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Violet-crowned Hummingbird

Amazilia violiceps

Length: 4.5 inches Wingspan: 6 inches Seasonality: Non-resident in South Dakota
ID Keys: Long red bill, brownish upperparts, white underparts, violet-colored crown on male

Violet-crowned Hummingbird - Amazilia violicepsThe Violet-crowned Hummingbird is a fairly distinctive, large hummingbird of Mexico and the extreme southern part of Arizona and New Mexico.  The species was considered a vagrant in the U.S., but breeding records were confirmed starting around 1960.  Since then, the species has regularly been found to breed in southern Arizona and New Mexico, primarily in sycamore trees that line canyon streams.  The species has been found overwintering in the U.S. in greater numbers in recent years, either an indication of a better observation network, or possibly an indication of an expansion of range.     

Habitat: In the United States portion of their range, Violet-crowned Hummingbirds are mostly found in riparian areas with tall trees (especially sycamores and Cottonwoods, with a scrubby understory.  In Mexico, they can be found in a variety of habitats, including dry shrublands, in pine-oak woodlands, and in suburban gardens.

Diet: Typical diet of hummingbirds, primarily nectar, but insects also comprise a portion of the diet. 

Behavior: Typically follows a series of established foraging routes, but doesn't strongly defend feeding territories..

Nesting: The nest of a Violet-crowned Hummingbird is made of plant fibers bound together with spider webs, lined with downy plant material, and camouflaged on the outside with lichens, moss, and bark.  Female builds the nest, incubates the eggs, and raises the young.

Song: The call is a thin tak.  Song is a string of high descending syllables.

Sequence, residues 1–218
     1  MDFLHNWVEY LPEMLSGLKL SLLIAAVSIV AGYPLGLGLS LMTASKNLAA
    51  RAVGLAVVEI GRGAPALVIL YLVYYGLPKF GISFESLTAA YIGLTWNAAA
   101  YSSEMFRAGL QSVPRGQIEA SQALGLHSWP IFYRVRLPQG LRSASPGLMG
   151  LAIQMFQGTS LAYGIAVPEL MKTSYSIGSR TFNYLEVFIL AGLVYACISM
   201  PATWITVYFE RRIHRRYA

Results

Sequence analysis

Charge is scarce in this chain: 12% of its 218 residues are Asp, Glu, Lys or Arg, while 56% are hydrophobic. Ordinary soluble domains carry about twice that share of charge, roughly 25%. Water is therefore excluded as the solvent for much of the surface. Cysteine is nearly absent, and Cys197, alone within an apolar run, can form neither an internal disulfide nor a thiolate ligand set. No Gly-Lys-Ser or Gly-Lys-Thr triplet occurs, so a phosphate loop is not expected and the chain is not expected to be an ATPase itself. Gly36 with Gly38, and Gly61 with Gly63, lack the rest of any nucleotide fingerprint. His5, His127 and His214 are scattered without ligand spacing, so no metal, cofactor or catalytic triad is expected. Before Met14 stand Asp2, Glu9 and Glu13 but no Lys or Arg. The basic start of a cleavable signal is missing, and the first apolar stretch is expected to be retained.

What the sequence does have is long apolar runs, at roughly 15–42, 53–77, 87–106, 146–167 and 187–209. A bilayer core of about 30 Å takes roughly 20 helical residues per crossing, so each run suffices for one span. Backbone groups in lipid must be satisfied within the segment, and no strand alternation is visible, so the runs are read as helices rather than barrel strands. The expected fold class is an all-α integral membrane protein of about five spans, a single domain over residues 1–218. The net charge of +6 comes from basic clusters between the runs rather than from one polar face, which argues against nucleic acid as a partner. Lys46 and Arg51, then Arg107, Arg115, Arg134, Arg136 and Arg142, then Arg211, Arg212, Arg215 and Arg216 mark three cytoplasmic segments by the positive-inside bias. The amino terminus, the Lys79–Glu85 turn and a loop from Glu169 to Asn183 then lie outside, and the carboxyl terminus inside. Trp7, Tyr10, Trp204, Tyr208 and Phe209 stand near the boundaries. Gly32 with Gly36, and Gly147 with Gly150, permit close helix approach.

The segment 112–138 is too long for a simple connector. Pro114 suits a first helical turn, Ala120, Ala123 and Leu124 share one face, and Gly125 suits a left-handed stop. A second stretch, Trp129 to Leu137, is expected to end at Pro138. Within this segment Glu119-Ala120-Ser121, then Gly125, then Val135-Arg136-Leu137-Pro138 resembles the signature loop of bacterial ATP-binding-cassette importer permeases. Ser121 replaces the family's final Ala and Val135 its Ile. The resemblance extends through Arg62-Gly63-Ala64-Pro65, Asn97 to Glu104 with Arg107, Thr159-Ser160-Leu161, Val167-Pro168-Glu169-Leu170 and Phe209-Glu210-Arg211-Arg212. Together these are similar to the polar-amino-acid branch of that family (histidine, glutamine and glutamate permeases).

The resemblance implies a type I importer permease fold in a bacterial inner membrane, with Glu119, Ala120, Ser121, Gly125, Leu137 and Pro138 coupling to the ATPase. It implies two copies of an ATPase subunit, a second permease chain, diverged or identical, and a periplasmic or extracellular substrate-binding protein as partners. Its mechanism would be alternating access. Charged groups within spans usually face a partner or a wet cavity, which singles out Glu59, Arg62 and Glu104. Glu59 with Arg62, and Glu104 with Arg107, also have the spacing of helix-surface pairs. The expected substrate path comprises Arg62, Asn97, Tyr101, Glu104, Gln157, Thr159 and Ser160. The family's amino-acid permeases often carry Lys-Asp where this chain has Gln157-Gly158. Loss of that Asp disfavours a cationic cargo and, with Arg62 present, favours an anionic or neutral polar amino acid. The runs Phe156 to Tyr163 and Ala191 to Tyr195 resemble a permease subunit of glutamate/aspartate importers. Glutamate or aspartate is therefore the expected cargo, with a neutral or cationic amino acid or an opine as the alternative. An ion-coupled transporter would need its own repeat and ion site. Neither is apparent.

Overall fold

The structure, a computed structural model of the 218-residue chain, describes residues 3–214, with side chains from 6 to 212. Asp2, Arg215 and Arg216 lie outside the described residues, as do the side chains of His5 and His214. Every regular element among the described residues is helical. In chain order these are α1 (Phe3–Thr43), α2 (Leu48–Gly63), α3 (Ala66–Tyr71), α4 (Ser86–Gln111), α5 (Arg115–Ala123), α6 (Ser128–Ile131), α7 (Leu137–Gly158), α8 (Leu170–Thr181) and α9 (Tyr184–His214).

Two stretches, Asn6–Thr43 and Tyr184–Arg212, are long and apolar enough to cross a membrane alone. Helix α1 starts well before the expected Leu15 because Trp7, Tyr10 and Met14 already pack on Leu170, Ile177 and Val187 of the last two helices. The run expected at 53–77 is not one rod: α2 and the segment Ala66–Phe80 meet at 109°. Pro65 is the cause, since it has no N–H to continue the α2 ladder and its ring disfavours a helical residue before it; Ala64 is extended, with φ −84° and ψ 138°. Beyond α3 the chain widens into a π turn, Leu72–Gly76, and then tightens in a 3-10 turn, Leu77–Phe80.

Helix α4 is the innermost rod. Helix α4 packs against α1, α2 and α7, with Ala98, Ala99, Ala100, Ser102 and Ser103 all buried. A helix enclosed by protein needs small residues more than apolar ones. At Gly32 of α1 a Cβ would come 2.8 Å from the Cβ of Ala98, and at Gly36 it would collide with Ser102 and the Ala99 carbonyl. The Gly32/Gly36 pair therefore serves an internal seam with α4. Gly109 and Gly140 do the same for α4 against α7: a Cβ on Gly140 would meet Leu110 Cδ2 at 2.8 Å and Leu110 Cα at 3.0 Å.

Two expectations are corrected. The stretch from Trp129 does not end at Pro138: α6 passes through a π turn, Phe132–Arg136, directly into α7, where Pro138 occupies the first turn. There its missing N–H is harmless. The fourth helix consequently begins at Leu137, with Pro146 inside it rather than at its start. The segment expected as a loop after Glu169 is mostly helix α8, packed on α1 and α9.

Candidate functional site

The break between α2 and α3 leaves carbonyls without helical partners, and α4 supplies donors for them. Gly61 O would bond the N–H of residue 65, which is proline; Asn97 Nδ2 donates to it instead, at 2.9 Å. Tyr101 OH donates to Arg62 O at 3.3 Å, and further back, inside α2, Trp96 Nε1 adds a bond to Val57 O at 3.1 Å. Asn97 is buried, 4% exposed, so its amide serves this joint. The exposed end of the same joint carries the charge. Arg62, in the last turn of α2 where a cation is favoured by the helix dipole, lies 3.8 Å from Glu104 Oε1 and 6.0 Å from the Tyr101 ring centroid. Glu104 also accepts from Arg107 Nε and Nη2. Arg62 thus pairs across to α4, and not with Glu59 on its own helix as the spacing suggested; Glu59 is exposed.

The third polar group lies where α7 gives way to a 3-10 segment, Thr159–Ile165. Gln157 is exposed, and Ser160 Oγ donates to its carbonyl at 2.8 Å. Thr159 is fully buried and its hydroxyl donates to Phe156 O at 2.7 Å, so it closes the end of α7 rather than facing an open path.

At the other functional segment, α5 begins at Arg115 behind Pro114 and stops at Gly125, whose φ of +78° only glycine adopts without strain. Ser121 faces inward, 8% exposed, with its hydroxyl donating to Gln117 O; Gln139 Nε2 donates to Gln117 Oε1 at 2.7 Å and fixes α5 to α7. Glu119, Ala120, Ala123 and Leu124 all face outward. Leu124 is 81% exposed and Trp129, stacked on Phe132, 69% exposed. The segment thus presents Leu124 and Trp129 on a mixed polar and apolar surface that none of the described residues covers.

Migration: Birds in the U.S. and northern Mexico have long been viewed as primarily migratory, moving to central Mexico in the winter. Increasing numbers have been discovered overwintering in Arizona and  New Mexico, however.  Most birds in the southern two-thirds of their range are permanent residents.

Interactive eBird map: Click here to access an interactive eBird map of Violet-crowned Hummingbird sightings

Feeders: Will attend hummingbird feeders

Similar Species: Generally distinctive.  It's the only hummingbird seen in the U.S. that is uniformly whitish below and brownish above.   

Conservation Status: No conservation concerns are presently noted for the species.  The range may be increasing in the United States.  Overall, they are found across a broad geographic area and are common in parts of their range. The IUCN considers the Violet-crowned Hummingbird to be a species of "Least Concern".

Further Information: 1) WhatBird - Violet-crowned Hummingbird

2) Audubon Guide - Violet-crowned Hummingbird

3) AvianWeb - Violet-crowned Hummingbird

Photo Information: October 4th, 2009 - Dona Ana, New Mexico - Jerry Oldenettel - Licensed under Create Commons Attribution 2.0 Generic license.

Additional Photos: Additional Photos Coming Soon!!


Click below for a higher-resolution map
Violet-crowned Hummingbird - Range Map
South Dakota Status: Non-resident in South Dakota

Additional Violet-crowned Hummingbird Photos (coming soon!!)